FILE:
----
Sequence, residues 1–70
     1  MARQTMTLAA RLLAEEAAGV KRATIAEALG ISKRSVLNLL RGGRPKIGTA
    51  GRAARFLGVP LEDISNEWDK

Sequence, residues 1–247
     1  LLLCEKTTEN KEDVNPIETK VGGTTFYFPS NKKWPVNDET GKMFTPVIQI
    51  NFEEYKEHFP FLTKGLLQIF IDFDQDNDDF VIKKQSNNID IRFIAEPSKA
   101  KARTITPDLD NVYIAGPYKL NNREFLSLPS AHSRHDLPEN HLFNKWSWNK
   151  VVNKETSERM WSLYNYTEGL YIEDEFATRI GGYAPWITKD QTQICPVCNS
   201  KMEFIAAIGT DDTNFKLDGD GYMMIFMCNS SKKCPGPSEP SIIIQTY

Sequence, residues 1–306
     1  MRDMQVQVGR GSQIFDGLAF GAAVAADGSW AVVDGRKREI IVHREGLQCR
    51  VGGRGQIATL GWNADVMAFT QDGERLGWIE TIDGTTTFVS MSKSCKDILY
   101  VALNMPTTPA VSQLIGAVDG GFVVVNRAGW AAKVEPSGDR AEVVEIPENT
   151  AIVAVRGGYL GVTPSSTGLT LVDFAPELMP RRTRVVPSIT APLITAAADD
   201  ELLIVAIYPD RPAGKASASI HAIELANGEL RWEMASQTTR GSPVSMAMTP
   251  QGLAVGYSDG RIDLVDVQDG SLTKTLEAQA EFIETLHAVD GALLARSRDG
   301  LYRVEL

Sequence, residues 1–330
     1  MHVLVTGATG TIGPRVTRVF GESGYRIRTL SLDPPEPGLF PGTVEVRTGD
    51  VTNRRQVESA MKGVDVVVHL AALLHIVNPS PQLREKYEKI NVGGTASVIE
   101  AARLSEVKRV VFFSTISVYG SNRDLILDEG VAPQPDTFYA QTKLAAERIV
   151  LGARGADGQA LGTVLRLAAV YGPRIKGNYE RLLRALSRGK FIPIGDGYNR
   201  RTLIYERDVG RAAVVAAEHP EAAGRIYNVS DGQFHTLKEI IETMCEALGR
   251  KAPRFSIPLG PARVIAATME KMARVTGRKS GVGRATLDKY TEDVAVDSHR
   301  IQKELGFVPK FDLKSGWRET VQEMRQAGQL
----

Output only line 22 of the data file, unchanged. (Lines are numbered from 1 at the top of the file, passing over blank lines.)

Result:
   151  LGARGADGQA LGTVLRLAAV YGPRIKGNYE RLLRALSRGK FIPIGDGYNR